NSA Can Reportedly Track Phones Even When They're Turned Off

The Citizen's Guide to the Future
July 22 2013 4:06 PM

NSA Can Reportedly Track Phones Even When They're Turned Off

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A woman checks her mobile phone in Vienna.

Photo by ALEXANDER KLEIN/AFP/Getty Images

The NSA has a diverse range of surveillance capabilities—from monitoring Google Maps use to sifting through millions of phone call records and spying on Web searches. But it doesn’t end there. The agency can also track down the location of a cellphone even if the handset is turned off, according to a new report.

On Monday, the Washington Post published a story focusing on how massively the NSA has grown since the 9/11 attacks. Buried within it, there was a small but striking detail: By September 2004, the NSA had developed a technique that was dubbed “The Find” by special operations officers. The technique, the Post reports, was used in Iraq and “enabled the agency to find cellphones even when they were turned off.” This helped identify “thousands of new targets, including members of a burgeoning al-Qaeda-sponsored insurgency in Iraq,” according to members of the special operations unit interviewed by the Post.

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It is not explained in the report exactly how this technique worked. But to spy on phones when they are turned off, agencies would usually have to infect the handset with a Trojan that would force it to continue emitting a signal if the phone is in standby mode, unless the battery is removed. In most cases, when you turn your phone off—even if you do not remove the battery—it will stop communicating with nearby cell towers and can be traced only to the location it was in when it was powered down.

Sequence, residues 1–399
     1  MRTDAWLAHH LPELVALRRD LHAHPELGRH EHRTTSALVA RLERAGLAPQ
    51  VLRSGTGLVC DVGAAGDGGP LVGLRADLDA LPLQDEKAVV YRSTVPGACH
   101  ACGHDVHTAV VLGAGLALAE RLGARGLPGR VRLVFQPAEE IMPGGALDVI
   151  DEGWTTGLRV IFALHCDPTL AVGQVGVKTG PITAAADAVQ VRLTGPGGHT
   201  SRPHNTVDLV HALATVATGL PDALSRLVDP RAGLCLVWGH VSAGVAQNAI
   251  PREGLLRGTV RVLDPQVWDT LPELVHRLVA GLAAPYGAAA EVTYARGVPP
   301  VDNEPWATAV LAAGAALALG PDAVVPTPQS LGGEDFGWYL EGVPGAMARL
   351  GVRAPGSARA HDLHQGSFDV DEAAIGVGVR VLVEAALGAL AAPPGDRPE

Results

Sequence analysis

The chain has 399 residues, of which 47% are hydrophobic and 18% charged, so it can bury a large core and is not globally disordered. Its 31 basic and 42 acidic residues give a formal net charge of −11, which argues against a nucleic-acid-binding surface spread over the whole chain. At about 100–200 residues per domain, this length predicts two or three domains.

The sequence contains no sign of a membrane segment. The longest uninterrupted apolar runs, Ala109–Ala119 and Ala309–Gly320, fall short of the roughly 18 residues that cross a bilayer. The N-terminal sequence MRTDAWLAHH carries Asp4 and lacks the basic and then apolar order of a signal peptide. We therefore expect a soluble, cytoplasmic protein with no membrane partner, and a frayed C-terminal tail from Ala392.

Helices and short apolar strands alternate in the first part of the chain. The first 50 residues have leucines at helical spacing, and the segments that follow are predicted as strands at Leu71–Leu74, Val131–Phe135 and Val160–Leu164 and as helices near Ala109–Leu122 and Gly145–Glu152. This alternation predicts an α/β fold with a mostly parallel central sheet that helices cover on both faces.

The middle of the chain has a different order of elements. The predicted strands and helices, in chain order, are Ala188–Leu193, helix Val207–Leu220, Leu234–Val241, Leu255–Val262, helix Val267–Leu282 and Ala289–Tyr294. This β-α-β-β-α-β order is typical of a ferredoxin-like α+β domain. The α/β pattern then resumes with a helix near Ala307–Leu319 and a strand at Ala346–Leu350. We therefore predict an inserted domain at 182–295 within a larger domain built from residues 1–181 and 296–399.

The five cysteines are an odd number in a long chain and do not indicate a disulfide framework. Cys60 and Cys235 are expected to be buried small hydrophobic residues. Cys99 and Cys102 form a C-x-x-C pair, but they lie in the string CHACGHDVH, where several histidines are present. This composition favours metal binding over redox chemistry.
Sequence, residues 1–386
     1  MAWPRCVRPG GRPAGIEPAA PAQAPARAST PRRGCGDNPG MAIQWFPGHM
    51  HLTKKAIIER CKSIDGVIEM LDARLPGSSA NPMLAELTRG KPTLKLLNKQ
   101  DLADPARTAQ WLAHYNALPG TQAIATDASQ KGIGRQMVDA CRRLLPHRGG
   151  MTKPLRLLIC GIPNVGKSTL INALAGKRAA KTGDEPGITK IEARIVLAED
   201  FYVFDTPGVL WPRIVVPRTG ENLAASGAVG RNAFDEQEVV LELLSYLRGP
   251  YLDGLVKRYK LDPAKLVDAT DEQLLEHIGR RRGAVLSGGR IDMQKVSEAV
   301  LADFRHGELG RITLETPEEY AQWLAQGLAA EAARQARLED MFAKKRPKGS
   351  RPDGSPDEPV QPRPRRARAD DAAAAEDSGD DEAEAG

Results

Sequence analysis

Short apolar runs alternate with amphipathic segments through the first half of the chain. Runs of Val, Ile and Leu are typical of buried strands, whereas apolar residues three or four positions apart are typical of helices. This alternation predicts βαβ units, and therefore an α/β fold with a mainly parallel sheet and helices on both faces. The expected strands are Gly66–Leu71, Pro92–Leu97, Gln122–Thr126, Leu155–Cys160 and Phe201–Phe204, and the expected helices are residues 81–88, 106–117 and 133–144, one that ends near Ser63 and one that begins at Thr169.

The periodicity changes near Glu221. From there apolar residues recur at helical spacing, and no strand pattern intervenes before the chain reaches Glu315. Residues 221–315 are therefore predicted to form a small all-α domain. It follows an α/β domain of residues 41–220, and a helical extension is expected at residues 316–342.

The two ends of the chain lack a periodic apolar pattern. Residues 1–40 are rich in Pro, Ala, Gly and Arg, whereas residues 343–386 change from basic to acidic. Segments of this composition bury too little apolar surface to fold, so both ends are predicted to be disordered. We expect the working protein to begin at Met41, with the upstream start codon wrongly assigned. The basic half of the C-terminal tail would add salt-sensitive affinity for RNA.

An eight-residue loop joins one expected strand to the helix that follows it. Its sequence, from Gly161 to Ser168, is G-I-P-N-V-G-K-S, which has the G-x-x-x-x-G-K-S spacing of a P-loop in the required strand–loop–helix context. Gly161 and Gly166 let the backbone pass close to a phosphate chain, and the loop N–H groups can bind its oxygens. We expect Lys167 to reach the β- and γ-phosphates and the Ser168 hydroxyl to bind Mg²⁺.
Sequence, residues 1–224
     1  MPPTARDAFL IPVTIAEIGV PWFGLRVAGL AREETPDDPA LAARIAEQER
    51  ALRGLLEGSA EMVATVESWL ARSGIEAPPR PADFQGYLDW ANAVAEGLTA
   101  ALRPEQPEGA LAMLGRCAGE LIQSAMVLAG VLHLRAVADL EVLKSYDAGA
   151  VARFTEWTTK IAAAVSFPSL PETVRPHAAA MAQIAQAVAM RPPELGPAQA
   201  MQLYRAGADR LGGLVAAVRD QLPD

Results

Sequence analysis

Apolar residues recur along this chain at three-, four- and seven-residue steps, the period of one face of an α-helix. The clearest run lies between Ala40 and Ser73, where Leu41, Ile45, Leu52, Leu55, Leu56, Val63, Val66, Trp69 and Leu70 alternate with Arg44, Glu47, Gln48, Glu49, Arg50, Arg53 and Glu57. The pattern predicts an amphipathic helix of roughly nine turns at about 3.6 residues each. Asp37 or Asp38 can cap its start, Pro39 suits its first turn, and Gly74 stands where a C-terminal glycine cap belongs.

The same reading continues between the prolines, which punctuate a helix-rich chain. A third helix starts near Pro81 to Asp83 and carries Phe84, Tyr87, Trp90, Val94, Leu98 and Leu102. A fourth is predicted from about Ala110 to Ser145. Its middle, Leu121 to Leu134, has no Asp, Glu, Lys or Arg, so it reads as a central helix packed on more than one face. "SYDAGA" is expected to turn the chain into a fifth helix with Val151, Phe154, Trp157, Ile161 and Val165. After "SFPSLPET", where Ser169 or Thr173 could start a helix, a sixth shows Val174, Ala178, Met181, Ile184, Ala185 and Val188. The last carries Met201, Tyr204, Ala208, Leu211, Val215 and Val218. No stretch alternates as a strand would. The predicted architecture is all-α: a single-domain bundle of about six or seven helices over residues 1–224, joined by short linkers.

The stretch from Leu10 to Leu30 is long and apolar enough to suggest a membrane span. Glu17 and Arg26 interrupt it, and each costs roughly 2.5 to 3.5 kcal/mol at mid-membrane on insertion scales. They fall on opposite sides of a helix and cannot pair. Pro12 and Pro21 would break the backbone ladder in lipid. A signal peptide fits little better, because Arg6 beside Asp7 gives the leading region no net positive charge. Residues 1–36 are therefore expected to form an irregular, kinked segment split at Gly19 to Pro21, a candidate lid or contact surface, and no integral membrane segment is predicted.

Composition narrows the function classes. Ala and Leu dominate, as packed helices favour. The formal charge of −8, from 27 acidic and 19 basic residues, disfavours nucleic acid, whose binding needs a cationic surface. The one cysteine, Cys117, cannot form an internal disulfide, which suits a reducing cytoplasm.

In 2006, it was reported that the FBI had deployed spyware to infect suspects’ mobile phones and record data even when they were turned off. The NSA may have resorted to a similar method in Iraq, albeit on a much larger scale by infecting thousands of users at one time. Though difficult, the mass targeting of populations with Trojan spyware is possible—and not unheard of. In 2009, for instance, thousands of BlackBerry users in the United Arab Emirates were targeted with spyware that was disguised as a legitimate update. The update drained users’ batteries and was eventually exposed by researchers, who identified that it had apparently been designed by U.S. firm SS8, which sells “lawful interception” tools to help governments conduct surveillance of communications.

In recent weeks, the NSA’s surveillance programs—both domestic and international—have been the subject of intense scrutiny following a series of leaked secret documents. The NSA says that a vast database that it maintains on phone calls made by millions of Americans does not include location data. But the revelation that the agency has developed a technique that apparently enables  it to monitor thousands of cellphones—even when turned off—is likely to only inflame civil liberties groups’ concerns, prompting further questions about the full extent of the agency’s spying efforts.

Future Tense is a partnership of SlateNew America, and Arizona State University.

Ryan Gallagher is a journalist who reports on surveillance, security, and civil liberties.

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